WASHINGTON (AP) -- Alaska Rep. Don Young has sponsored a conservation bill that if passed by Congress this week would increase federal spending in the state by about $165 million a year.
Proponent say the Conservation and Reinvestment Act is long overdue, and will pay for environmental research, private land buyouts, recreation projects and historic preservation work.
Budget hawks, however, allied with property rights activists, are lined up against the bill. Congress is expected to vote Wednesday.
Under the bill, every state would share in the bounty, though coastal states would receive the bulk. Nationwide, the cash distribution to state and federal agencies would claim about $2.85 billion of the federal government's $4 billion in annual offshore oil leasing revenue.
Alaska's per capita share would be about $270. The next closest state is Louisiana, with a $70 per capita share. The average falls rapidly from there, to less than $20 per capita in 38 states.
In the House, 316 out of 435 members have signed on as co-sponsors of the bill. The strong majority reflects the diverse coalition of citizen groups backing the bill--environmentalists, county and state governments, chambers of commerce, outdoor recreation and sporting goods industries, hunting groups and historic preservationists, among others.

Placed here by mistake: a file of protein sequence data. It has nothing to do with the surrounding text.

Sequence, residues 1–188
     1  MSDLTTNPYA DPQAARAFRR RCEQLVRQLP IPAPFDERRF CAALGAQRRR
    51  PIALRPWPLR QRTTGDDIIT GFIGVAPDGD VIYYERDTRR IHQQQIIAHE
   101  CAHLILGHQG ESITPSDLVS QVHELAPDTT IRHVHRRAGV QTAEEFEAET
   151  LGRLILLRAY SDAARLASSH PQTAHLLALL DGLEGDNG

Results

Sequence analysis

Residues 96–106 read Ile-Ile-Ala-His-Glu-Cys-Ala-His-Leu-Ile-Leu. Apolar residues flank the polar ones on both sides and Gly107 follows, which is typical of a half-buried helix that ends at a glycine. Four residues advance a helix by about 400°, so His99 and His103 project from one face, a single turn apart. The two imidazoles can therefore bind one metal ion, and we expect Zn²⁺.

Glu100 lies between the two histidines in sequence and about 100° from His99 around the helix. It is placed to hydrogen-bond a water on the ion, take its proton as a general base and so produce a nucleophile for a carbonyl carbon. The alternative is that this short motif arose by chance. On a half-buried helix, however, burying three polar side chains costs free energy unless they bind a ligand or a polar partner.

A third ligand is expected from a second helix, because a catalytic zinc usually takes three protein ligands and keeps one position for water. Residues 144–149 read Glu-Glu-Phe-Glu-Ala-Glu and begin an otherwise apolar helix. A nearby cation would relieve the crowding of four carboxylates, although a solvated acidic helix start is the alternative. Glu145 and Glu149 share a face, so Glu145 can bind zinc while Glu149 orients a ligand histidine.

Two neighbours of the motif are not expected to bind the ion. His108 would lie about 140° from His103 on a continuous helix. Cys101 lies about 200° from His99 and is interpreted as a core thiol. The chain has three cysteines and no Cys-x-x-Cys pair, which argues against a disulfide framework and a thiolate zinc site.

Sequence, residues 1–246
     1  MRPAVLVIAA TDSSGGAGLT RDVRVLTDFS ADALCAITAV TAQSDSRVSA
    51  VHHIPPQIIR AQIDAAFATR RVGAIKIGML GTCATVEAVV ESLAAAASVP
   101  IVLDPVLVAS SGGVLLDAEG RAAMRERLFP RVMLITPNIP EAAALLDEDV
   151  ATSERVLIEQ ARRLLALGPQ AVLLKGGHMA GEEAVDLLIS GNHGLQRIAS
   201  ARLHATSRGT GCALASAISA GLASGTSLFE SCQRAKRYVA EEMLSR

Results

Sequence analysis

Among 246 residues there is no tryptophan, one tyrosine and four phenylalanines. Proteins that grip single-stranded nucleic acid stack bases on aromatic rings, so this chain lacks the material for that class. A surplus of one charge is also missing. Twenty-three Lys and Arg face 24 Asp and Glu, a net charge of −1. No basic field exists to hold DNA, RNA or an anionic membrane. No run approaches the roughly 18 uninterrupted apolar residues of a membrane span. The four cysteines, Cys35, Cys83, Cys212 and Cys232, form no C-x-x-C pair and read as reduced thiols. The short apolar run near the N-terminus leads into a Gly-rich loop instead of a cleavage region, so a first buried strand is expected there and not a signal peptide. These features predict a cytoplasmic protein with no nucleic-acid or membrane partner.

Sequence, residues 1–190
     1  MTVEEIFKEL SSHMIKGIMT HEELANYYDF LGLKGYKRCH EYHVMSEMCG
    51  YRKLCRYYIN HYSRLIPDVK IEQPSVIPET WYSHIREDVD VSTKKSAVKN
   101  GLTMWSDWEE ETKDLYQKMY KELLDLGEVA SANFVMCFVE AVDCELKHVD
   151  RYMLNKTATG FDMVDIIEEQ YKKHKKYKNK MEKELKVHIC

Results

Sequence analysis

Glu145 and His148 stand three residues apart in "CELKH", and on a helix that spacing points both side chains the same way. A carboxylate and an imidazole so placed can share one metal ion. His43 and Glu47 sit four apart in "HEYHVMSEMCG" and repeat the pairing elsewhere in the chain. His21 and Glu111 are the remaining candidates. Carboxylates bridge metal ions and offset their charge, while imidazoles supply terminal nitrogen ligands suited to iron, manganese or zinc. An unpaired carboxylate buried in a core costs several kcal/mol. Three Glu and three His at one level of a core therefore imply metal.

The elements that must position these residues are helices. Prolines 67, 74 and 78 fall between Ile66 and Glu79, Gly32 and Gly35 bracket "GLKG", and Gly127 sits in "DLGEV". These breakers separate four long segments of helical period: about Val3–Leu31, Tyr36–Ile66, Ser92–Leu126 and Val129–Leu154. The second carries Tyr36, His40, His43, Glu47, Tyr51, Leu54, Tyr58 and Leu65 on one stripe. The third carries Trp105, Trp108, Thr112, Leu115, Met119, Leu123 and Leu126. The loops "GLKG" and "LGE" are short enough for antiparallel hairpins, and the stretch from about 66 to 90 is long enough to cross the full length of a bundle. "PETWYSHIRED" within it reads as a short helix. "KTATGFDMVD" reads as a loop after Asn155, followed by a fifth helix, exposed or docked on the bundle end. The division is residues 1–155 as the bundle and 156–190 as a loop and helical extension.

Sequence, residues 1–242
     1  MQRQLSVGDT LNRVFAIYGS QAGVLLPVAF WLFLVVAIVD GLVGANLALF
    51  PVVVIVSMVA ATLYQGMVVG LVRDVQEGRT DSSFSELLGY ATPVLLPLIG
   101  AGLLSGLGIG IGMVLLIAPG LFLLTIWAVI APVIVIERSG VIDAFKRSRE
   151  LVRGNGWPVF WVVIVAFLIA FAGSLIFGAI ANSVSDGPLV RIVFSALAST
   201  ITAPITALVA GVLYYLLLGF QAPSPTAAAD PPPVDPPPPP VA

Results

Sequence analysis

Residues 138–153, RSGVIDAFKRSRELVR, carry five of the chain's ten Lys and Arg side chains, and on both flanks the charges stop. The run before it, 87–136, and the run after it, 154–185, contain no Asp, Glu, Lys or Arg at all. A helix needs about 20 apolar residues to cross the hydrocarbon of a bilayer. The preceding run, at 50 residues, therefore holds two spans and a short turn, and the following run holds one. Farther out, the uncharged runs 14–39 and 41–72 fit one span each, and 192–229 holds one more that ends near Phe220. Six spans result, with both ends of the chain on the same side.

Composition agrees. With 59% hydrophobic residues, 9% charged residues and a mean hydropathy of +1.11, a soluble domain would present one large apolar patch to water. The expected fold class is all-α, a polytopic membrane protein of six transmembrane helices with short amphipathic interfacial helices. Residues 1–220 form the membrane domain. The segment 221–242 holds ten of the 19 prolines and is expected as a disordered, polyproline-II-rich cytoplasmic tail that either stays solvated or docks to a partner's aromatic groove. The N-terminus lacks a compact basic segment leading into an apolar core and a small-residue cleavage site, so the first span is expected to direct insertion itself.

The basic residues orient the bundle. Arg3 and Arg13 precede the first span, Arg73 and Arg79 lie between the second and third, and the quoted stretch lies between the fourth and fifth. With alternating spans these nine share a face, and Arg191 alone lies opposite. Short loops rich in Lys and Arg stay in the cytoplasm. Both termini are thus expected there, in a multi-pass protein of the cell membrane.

''When you see the sprawl and you see the other threats that are occurring, people are saying 'Wait a minute, if we don't have some long-term planning we won't have any open spaces left,''' said Rindy O'Brien, a Wilderness Society vice president in Washington who heads the bill's main coalition of proponents, Americans for Our Heritage and Recreation.
''We should take a portion of those receipts from depleting nonrenewable resources and preserve something,'' he said.
Mike Hardiman, a lobbyist for the American Land Rights Association, said the bill amounts to a government land grab.
''This is a monstrous scam for two states--Alaska and Louisiana,'' Hardiman said.
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